Our Latest Forbes Article

Our Latest Forbes Article

JULY 30, 2018

In recent years, Hollywood has taken its hits for not recognizing the need and demand for more diversity and inclusion, and as of 2018, we’ve started to witness a small but impactful change. Celebrities and thought leaders in the entertainment industry took the opportunity to voice their concerns, and it’s starting to make an impact. Now we have superheroes portrayed by women and by African Americans, and the public has responded. They want more...

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“Hey, I got that reference!!”

“Hey, I got that reference!!”

JULY 27, 2018

Social media is a casual platform for people to express themselves, share what they are interested in,
and follow brands and personalities they are interested in. This platform enables businesses to connect
with consumers in ways they were unable to 10 years ago, and to constantly progress, businesses need
to adapt to these new platforms. Since social media is so causal, business cannot use the same verbiage
that they would on a typical website or advertisement; they need to get more casual and funky with the
wording. That’s were pop culture can help. Pop culture references in social media marketing engages
consumers using their interests in movies, books, celebrities, and current events that are influential to
their personal lives.

The most important thing is to look at your audience and determine what references they are going to
understand. A group of accountants who are 40+ are probably not going to understand a reference to
the “road work ahead” vine, just like a group of college aged men probably are not going to understand
a reference to Johanna Gaines. Using colloquial humor is one of the few times you should make
generalizations about groups because you need to ensure that whatever reference you are using is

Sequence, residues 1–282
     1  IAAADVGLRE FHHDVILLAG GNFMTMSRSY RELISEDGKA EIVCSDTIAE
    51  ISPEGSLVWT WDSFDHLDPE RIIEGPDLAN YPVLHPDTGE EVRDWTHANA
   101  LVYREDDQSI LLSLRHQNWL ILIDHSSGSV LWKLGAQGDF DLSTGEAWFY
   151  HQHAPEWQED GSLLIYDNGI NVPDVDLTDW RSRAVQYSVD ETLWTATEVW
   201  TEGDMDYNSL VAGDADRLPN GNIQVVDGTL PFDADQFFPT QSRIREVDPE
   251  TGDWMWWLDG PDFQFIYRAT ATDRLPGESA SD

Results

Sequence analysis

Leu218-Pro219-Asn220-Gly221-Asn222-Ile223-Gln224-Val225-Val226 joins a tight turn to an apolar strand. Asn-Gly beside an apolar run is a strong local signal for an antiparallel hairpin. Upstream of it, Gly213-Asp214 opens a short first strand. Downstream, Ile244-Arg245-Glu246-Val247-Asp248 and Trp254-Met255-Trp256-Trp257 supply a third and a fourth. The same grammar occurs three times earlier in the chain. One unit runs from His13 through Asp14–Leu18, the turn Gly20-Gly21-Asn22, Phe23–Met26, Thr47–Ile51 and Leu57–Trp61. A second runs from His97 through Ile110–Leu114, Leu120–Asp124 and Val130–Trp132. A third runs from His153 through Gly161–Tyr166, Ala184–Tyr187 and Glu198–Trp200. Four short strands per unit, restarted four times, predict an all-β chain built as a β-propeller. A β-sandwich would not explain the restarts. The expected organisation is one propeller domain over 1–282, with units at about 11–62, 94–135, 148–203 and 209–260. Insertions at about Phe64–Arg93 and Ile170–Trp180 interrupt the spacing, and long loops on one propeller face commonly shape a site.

instantly understood by the majority of the audience; you can’t hope that just 2 or 3 people in the group
are going to get it while confusing or segmenting the other 99%. A perfect example of this is the
Deadpool movies. They use a heap of pop culture references, and many of them came from movies with
similar audiences such as Batman, RoboCop, Terminator, and Stranger Things. Almost all of these were
one-liners (which are perfect for social media posts) and provided a lot of intriguing laughable moments.
They forced the audience to pay attention to the dialogue because they wanted more moments of “Hey,
I understand that reference!”

Pop culture changes by the hour, so it is both difficult and vital to stay current. Things like sassy Willy
Wonka and Grumpy Cat are yesterday’s meme, so it’s best to not use it. Using something outdated
makes your company seem behind the times and shows you aren’t a fresh and fun company, so having
at least one person who has seen a tremendous number of movies or is a Meme-God will benefit your
social media presence greatly. A fitting example of a bad use of an old meme is from the movie Black
Panther. Now, I loved this movie and thought the movie and soundtrack was very current. That being
said, when T’challa’s sister screams “What are those!?!” in the middle of the movie, literally my whole
body cringed. As am writing about it right now I’m cringing. That meme has been deceased for quite
some time, and the writers using it really confused me and made me wonder if they would have other
cheesy lines or ideas in the movie.

With all of this, remember to be subtle with your use of pop culture. You don’t want to clutter every
sentence with vine reference because that is just overkill, especially on social media when usable
characters are limited. Having one reference per post is plenty. To continue with the Deadpool example
from earlier, Buzzfeed had an article of all the pop culture references in Deadpool 2 and the list had 58
items on it. 58!!! That doesn’t even count all the references that were pointed out in the comments of
that Buzzfeed article. When the list gets that long, pop culture is becoming a distraction rather than a
quick attention grabber.

So now that you are equipped with knowledge about the proper use of pop culture, particularly with
social media, its time for you to get out there and put a little fresh and fun funkiness into your social

Our Favorite Podcasts

Our Favorite Podcasts

JULY 23, 2018